Respecting Outcomes in Collaborative Processes: a low water response case study
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Government agencies in Canada are increasingly using collaborative approaches to inform decision-making for complex policy problems. Collaborative approaches encourage participants to share resources and knowledge to build a working relationship for confronting mutual challenges and determining agreeable solutions. It is often assumed that collaborative approaches are cost effective, and lead to solutions that are easier to implement than conventional government decisions. However, a significant challenge is the tendency of government to undermine collaborative processes by setting aside the decisions reached by the collaborative body. This can result in participants being unreceptive to further government actions and blocking implementation because they feel their opinions were not respected. Low Water Response in Ontario was selected to study how outcomes are incorporated into government decision-making and the extent outcomes are being protected by government. Three case studies in southern Ontario were chosen based on their experiences with severe low water conditions. The Institutional Analysis and Development framework was used to structure research. This framework studies contextual characteristics, decision-making structures, how participants interact, outcomes, and evaluation to answer research questions. Provincial, watershed and individual scales of analysis were investigated. Interviews assessed the perspectives of stakeholders in water response teams including provincial government, municipalities, conservation authorities and large-scale water users (over 50,000L/day). Document analysis provided contextual information and key factors regarding Low Water Response implementation. Personal observations provided an opportunity to cross-check information from interviews and document analysis. Findings show that the provincial government incorporated the input of each case study similarly, but each collaborative team felt differently about the extent outcomes were being protected by the government. Largely outcomes are respected by government in Low Water Response despite the fact that the most serious level of drought response (Level 3) has never been declared even though conditions for declaring Level 3 have been met on multiple occasions. There were many positive social outcomes that were evident from collaboration and participants felt that the process was beneficial.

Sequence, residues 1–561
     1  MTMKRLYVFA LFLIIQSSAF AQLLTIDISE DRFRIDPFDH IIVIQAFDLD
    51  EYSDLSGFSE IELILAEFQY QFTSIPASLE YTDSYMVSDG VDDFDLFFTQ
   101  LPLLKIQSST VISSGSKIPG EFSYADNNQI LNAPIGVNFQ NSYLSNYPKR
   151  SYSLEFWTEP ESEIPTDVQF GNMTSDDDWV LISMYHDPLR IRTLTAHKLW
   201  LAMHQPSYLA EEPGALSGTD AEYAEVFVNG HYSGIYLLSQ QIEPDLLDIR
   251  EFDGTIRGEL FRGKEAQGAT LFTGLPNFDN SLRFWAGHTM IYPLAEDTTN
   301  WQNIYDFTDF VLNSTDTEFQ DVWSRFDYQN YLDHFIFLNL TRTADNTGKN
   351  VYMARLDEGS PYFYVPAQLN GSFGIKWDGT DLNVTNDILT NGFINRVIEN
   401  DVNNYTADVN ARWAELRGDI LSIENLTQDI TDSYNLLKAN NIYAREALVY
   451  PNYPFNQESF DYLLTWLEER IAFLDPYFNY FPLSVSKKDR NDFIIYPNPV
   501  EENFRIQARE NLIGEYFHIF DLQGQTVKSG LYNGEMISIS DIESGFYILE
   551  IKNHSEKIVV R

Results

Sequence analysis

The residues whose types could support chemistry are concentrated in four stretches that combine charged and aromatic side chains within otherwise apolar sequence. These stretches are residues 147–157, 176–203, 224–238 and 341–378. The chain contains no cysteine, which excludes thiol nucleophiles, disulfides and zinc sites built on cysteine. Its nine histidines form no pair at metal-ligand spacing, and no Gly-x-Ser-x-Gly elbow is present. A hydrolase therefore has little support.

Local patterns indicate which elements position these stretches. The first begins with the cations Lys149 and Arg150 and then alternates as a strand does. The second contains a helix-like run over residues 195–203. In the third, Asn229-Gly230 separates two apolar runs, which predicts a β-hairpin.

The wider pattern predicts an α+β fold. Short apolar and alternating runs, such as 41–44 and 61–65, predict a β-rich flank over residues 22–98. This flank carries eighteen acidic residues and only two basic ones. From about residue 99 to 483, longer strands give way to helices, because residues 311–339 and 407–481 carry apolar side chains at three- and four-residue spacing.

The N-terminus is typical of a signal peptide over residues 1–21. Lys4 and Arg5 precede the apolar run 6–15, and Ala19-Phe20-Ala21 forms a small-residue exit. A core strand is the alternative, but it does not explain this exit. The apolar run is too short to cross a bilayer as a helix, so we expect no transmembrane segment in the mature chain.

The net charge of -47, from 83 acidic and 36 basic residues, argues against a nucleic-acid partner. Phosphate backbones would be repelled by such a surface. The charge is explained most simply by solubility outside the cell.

Cite this work
Alyssa Roth (2014). Respecting Outcomes in Collaborative Processes: a low water response case study. UWSpace. http://hdl.handle.net/10012/8799